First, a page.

Tim Hortons coffee used to be great. Now, it’s just okay. The cultural icon hasn’t descended to the ranks of McCafe bad (fortunately for Canadians), but in recent years, it hasn’t been able to overcome it’s "meh-ness’." Changes in once popular flavors have left dedicated customers out in the cold, while bad press often keeps new ones from skating into stores. If Tim Hortons is your only choice, it isn’t a terrible one. However, if it is one of many options, then you should consider a different play.

17. Folgers

Tubs of Folgers coffee

Once upon a time, Folgers’ catchy jingle about being "the best part of wakin’ up" could have been called an exaggeration. In today’s turbulent era, where notifications about the impending doom of the world have become our morning wakeup call, it’s reasonable to rely on a dependable cup of coffee to protect your inner peace. Folgers is that trusty morning brand. The aroma recalls your earliest experiences with coffee, before you knew what it tasted like.

No one is claiming that Folgers is the top coffee on the market. It works best in drip machines and doesn’t really offer much for manual methods like a French Press or Mokka Pot. Still, for the majority of American coffee drinkers who are brewing their caffeine by the pot, Folgers has a mild flavor that can satisfy the masses. It won’t thrill those who have a taste for specialty gourmet roasts, but it also won’t (deeply) offend them, either.

16. Green Mountain Coffee Roaster

Green Mountain Coffee pods

Perhaps the most frustrating thing about drinking java from Green Mountain Coffee Roasters is that the most common way to get a hold of it is in K-Cups. Once upon a time, the tiny, gourmet Green Mountain roasting company was renowned for its dedication to eco-friendly practices. After the founder’s investment into the Keurig company, that all changed. Now, Green Mountain is synonymous with the egregious environmental operations of the single-serve coffee business (via The New York Times). For a cup of coffee that is just so-so, you can do much, much better.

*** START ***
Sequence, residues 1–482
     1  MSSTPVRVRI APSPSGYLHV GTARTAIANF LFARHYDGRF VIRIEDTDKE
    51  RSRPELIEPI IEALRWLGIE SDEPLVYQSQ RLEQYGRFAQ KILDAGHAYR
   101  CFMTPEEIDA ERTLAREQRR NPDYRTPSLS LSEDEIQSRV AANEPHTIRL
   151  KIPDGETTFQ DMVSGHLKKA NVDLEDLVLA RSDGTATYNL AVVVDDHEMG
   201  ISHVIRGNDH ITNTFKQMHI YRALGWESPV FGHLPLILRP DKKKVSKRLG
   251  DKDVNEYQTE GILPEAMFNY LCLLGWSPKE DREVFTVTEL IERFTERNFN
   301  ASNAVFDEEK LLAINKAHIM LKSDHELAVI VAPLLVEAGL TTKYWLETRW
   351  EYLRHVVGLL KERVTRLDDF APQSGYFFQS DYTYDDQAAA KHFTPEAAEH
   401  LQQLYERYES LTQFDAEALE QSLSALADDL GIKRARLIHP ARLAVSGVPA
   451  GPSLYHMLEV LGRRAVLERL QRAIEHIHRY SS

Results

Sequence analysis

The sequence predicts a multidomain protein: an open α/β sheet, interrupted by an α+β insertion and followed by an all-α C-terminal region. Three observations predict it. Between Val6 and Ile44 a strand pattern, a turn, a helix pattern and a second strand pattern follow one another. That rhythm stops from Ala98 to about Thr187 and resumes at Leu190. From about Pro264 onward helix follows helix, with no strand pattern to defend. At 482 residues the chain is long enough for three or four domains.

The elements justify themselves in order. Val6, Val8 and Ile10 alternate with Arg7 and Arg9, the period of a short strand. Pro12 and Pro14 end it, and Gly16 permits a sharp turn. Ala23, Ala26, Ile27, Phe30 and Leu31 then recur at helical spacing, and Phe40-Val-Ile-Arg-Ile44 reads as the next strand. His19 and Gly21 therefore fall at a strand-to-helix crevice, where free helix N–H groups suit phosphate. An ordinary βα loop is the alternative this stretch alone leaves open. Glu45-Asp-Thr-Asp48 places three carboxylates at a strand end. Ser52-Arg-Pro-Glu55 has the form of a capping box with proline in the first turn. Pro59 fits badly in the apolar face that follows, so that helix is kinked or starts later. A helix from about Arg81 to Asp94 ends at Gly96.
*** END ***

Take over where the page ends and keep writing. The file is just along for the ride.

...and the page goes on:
Unlike many other coffee roasters on this list, Green Mountain doesn’t waste time with fancy flavors. Instead, they stick to producing different roast intensities ranging from lighter breakfast blends to darker French roasts. The result of that focus is a product which has a balanced, albeit middle-of-the-road flavor. Like a truly green mountain, this brew is peaceful and relaxing: no caffeine jitters, no bitter flavors. However, unlike that picturesque scene, Green Mountain coffee leaches plastic into your cup and into the environment.

15. Death Wish Coffee Co.

Death Wish Coffee Co. bag

Death Wish Coffee Company is the badass of bean brands. With a proud skull and crossbones logo, it is described as the strongest coffee in the world. Recently, the company began a collaborative series with some of the best tattoo artists across America, exploring for sparks of creativity fueled by caffeine. Those art designs have gone on to become a line of new merchandise, which is much safer than having a genius who is jittery from too many cups of Death Wish, trying to draw a straight line on your body.

In the case of Death Wish, hyper-caffeinated doesn’t mean bad flavor. Actually, these roasts are really tasty. In particular, the Medium, slightly less acidic and with more varied notes than the drastically heavy Dark Roast, is a big hit. What it comes down to is that for many coffee consumers, a daily cup of Death Wish might be asking for just that. If you want to avoid heart palpitations, consider picking up this kick-butt brew as a new option in the rotation rather than an everyday sipper. However, if you like to live on the wild side, go ahead and write yourself a Death Wish.

14. Community Coffee

Community Coffee

Community Coffee has come a long way from its humble origins as a family owned roaster in Baton Rouge, Louisiana. Over 100 years later, it is still a family owned roaster, only now Community Coffee can be found all across the country, with coffee beans that come from all across the world. They are sold in a variety of brew methods, from single-serve pods to whole beans and pre-ground blends.

A dark roasted Signature Blend still matches the original formula that was cooked up in 1919, but there is plenty of diversity in Community Coffee nowadays. The single origin roasts from Guatemala and Mexico have bright, fruit forward notes that develop progressively with each sip. The wide array of imaginative flavors (like Mardi Gras King Cake) will make you want to mambo around your breakfast table. Even the more traditional blends have a decently strong taste without coming off as harsh. Overall, Community is a reliable coffee with enjoyable roots.

13. Allegro Coffee

Grey bag of Allegro coffee